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An Interview with Guenter Liebhart, Design Engineer

Expertise Series

Bosch Engineer Interview, KKE Series – capsule checkweigher

Germany is renowned globally for well engineered and quality products. What influenced you to become an engineer?
I was first a toolmaker apprentice as a young man and this influenced me to learn more about mechanical design.

Why did you choose to work for BOSCH?
My final project for my mechanical engineering degree was done here at Bosch Packaging. This was my first contact with the company and its packaging technology. While being employed by another company, for design work, I was contracted to assist Bosch on a project. Some time after that project was over I joined Bosch.

 

Guenter Liebhart

 

What machines have you worked with in your current position?
I’m currently working with the capsule checkweighers, KKE 1700, 2500, 3800 and the GKF 2500 capsule filler. Previously I worked on the GKF 2000. One specialty I have is the design of the tablet-specific dosing disks used on the GKF for feeding tablets into capsules.

 

What were some design considerations with the current Bosch KKE capsule checkweigher?
We wanted to define the separation of mechanical and process areas. This was achieved with a cantilever design for the process area. The mechanical cabinet is also separate from the control cabinet. Batch records and modern 21 CFR Part 11 compliance was required by the market, which lead to an IPC-based control system. This platform also allows for software version upgrades.

 

What engineering projects are currently being undertaking on the KKE capsule checkweighers?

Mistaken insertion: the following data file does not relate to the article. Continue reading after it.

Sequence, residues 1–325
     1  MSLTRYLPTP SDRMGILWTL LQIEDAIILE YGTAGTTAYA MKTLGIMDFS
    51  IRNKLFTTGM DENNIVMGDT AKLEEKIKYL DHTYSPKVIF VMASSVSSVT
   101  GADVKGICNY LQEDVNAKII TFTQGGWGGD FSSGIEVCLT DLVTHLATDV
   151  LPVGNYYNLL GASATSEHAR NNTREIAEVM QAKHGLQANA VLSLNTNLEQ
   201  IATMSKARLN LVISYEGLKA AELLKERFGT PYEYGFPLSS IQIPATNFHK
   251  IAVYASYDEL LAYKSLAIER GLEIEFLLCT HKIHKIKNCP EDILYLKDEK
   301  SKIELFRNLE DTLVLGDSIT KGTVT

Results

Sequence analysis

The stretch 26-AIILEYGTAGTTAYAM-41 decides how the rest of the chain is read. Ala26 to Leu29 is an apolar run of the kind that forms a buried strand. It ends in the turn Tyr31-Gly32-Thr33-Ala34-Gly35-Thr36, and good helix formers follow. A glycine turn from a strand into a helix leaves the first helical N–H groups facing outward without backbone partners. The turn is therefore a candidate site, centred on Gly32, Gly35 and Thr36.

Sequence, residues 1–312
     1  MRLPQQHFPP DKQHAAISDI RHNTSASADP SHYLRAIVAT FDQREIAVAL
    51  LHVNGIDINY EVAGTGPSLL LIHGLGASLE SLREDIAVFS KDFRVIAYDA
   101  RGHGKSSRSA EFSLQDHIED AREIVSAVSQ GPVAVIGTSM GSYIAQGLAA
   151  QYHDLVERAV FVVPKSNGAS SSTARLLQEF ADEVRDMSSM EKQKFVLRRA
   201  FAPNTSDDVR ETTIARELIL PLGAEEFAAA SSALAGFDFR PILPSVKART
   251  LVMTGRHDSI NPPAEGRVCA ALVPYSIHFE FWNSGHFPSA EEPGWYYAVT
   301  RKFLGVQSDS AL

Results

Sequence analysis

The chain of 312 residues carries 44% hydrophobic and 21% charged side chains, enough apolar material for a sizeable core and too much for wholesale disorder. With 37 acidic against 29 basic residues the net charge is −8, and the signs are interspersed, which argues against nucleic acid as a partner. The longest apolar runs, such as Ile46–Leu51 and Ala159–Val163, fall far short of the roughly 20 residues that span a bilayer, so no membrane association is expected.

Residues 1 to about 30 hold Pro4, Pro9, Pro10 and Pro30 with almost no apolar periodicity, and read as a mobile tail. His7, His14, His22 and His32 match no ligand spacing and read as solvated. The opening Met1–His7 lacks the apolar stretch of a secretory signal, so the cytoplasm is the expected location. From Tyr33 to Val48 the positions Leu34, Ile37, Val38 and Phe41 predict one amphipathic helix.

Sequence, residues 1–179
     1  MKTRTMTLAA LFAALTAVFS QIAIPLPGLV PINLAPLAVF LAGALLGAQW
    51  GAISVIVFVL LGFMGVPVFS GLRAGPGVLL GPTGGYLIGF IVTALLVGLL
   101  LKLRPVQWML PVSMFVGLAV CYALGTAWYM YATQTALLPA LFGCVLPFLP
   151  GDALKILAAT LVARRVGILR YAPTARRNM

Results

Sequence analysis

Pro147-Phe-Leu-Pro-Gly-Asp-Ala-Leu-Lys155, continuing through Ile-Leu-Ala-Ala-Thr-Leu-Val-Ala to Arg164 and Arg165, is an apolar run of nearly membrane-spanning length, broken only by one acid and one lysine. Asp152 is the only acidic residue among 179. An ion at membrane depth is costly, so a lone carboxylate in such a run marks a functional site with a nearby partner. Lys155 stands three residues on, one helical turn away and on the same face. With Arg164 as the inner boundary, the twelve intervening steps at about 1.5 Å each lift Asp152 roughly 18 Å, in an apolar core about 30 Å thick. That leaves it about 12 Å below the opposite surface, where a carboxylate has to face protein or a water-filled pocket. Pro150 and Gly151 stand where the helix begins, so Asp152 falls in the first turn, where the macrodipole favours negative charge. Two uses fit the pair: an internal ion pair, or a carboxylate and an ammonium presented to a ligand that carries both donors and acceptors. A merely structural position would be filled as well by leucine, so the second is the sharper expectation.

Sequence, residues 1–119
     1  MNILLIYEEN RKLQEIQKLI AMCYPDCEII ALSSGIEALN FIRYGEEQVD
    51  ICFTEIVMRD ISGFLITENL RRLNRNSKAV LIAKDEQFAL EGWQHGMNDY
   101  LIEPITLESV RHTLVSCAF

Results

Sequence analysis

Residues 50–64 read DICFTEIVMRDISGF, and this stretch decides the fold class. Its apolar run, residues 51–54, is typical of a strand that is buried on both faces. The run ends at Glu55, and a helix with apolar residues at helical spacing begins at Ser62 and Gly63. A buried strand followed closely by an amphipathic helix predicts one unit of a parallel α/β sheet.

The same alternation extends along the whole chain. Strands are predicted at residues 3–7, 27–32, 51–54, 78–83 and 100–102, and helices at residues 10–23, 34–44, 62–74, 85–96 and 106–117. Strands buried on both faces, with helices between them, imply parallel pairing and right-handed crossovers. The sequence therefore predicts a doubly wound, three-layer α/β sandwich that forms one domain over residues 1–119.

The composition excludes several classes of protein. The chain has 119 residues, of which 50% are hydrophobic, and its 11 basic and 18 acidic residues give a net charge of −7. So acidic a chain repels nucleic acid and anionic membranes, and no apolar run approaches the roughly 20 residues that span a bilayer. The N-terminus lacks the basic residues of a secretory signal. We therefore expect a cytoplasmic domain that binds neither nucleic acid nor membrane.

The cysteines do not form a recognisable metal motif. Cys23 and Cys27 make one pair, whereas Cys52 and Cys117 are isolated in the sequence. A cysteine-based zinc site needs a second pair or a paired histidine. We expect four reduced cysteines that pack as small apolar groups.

I did the design work on the current KKE 2500 to be used in a containment environment. This unit is for use in-line with our containment encapsulators. Changes from the original design included modification of the doors so they could be sealed and maintain a slight under pressure. Another significant change was made to the frame to increase the accuracy to < 2mg.

 

With the old generation of KKE 1500/2000 machines an anti-static bar was a common option. Why don’t we see them on the KKE 1700/2500/3800 machines?
Because the orientation of the weighing pan on the older KKE 1500/2000 allowed for static to interfere with the weight measurement. The static bar above this area, as an option, was the best solution. When the design work started for the new KKE line we wanted to find a solution with no need for anti-static bars. The new unit was designed in such a way that the overall configuration of the weighing mechanism did not allow for static to be an influence in the weight.

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